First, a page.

INTRODUCTION THIS BOOK is the story of the warfare of the most warlike tribe of the warlike Plains Indians, recorded by George Bird Grinnell. No other writer of his generation was associated with so many Plains tribes so continuously and for so long a time. As naturalist he accompanied General George Armstrong Custers expedition to the Black Hills in 1874. For nearly sixty years after that time, until his death In 1938, he was much Indians, and came to enjoy the confidence and respect of the leading chiefs and warriors of ...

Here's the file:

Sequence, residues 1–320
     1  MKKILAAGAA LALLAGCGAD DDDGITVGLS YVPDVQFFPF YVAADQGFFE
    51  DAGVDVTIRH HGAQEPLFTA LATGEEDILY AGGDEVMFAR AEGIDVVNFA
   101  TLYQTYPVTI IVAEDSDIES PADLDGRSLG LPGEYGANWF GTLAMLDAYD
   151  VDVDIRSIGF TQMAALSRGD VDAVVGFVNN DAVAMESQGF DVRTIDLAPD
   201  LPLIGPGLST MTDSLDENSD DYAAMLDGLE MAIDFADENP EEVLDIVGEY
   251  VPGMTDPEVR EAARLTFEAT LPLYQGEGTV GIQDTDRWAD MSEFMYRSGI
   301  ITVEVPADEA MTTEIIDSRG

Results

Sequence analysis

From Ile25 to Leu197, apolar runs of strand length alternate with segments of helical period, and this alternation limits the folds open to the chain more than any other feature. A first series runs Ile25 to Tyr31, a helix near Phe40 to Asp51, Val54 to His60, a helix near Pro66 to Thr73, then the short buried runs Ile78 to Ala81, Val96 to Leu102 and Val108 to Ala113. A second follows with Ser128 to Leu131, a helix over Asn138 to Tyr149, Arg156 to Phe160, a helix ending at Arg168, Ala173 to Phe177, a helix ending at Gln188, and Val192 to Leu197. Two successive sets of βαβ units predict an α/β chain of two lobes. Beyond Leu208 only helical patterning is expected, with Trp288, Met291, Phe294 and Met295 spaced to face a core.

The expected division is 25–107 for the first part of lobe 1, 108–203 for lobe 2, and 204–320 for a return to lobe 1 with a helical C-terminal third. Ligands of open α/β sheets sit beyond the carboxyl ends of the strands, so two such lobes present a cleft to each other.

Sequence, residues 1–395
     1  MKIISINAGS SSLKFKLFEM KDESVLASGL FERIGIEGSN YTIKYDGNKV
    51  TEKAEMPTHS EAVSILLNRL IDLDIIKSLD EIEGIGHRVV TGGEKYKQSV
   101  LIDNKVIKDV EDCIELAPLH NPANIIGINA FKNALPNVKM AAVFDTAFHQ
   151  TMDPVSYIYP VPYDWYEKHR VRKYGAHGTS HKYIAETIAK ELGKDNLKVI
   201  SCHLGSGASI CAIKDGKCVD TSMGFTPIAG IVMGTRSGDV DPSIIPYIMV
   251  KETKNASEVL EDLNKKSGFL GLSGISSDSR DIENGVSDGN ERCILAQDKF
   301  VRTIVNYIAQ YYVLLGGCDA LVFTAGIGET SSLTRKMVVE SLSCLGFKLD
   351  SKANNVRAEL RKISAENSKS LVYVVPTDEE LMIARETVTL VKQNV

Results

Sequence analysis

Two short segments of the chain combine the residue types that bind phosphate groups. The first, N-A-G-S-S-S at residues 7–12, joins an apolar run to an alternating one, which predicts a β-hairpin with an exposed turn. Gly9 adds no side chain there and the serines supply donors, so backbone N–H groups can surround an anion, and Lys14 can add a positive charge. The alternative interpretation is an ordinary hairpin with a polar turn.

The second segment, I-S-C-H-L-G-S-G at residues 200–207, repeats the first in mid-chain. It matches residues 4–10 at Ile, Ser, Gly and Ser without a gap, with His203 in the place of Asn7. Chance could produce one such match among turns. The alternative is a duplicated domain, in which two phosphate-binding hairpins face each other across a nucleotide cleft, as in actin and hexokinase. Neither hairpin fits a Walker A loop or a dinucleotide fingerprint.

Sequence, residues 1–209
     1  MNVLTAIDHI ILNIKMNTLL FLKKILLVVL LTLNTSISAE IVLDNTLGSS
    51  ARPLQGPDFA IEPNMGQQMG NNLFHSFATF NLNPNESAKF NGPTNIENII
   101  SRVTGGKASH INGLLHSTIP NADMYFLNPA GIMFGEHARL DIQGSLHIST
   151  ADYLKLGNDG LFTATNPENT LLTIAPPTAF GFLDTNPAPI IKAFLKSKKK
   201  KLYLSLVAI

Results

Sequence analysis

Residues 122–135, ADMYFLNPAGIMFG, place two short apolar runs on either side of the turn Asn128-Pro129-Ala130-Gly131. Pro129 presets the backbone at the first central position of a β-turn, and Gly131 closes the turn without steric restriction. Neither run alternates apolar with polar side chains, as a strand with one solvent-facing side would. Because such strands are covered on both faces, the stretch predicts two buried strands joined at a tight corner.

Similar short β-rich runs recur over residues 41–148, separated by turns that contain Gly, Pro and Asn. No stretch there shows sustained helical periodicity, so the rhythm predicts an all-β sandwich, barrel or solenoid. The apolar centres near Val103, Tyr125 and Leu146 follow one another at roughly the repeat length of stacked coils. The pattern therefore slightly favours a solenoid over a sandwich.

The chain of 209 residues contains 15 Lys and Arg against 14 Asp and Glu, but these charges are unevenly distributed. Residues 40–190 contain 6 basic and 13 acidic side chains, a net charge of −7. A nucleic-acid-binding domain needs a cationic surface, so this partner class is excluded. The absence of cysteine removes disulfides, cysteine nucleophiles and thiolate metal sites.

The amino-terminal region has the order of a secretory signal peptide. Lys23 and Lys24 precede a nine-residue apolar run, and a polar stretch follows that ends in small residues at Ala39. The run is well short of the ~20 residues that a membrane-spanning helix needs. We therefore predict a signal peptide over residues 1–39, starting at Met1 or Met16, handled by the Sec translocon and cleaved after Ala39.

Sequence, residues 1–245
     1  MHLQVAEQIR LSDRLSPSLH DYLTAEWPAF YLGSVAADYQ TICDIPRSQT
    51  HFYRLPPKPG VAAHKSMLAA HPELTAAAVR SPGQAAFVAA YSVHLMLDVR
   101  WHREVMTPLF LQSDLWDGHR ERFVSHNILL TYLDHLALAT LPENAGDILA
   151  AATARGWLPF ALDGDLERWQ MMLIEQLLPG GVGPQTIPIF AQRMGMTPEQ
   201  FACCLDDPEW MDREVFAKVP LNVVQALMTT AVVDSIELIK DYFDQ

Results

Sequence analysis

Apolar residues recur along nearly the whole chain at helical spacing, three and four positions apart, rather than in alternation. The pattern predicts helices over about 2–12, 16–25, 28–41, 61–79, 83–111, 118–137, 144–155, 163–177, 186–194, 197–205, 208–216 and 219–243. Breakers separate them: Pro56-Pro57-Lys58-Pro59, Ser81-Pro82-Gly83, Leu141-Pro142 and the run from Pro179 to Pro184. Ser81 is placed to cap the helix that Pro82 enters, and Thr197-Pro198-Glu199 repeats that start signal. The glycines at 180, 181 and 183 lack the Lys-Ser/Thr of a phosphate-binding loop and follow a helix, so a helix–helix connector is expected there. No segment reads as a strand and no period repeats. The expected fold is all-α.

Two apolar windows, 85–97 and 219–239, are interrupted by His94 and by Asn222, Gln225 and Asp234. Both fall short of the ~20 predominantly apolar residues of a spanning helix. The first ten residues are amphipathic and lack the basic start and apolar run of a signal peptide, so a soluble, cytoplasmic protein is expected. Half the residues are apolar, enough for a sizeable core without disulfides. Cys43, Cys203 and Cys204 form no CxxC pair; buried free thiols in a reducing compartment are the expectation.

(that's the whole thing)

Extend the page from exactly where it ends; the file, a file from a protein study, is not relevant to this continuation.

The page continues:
INTRODUCTION THIS BOOK is the story of the warfare of the most warlike tribe of the warlike Plains Indians, recorded by George Bird Grinnell. No other writer of his generation was associated with so many Plains tribes so continuously and for so long a time. As naturalist he accompanied General George Armstrong Custers expedition to the Black Hills in 1874. For nearly sixty years after that time, until his death In 1938, he was much Indians, and came to enjoy the confidence and respect of the leading chiefs and warriors of several tribes, including the Blackfeet and Pawnees, though as his many books amply prove, he was most intimate with the Cheyennes. His integrity, sincerity, sympathy, and understanding made him welcome in every tipi. own research among the Northern Cheyennes in later years, I found that a letter from Grinnell opened every door was one of the very few historians who knew how to get authentic information from Indians, and how to present things as they saw them in readable form. Now that all the old-time warriors have crossed the Great Divide, it has become the fashion among some writers who never knew the chiefs to impugn the reliability of Indian testimony. No doubt many stories were published purporting to be Indian testimony though with little basis in fact or understanding. But Grinnell found among the Cheyennes, as I did among the Sioux, that their leaders were men of honor and veracity, honest and guarded in their statements, avoiding hearsay. As a matter of fact, anyone familiar with old-time warriors will prefer their account of a battle to any other. For, in the first place, the Indian was an objective, unimaginative observer. Besides, he was keenly interested in what went on because his own rating in the tribe depended upon his proven coups and deeds of daring, and he kept a sharp eye on the warriors who competed with him for such honors. Moreover, he was usually a veteran who had been on the warpath again and again since his early teens, and was commonly so well mounted that he could out-ride his enemies if the fight went against him. He was also a professional hunter who made his living daily with the same weapons with which he made his war. Moreover, so long as he lived, he often had to recite publicly, and in the presence of his rivals, just what he had seen and done in battle. For by custom a war story narrated by its hero formed the inevitable credentials and prelude to every public action in the tribe. No wonder General Frederick W. Benteen described the Cheyennes and Sioux who destroyed Custer thus Good shots, good riders, and the best fighters the sun ever shone on. We give you The Fighting Cheyennes Norman, Oklahoma February 21, with the wars of the Cheyennes. A fighting and a fearless people, the tribe was almost constantly at war with its neighbors, but until 1856 was friendly to the whites. The Cheyennes fought well, but they will fight no more. Their wars have long been over. Their tribal wanderings ceased before 1880. Skeekathey have been confined on two reservations, one in Oklahoma, and the other in Montana. When their struggles with the white men began, some of their older and wiser men strove earnestly to preserve peace, but their efforts failed. In an Indian camp individual liberty is the law, and the Cheyennes were a proud, headstrong, and obstinate people. During these first wars between the whites and the Cheyennes, the United States government was struggling for its very life. Its attention was concentrated on the war between the North and the South, and the movements of a few Indians on the thinly settled frontier attracted little notice. The so-called Sand Creek Massacre . . took place toward the close of the Civil War, - ...
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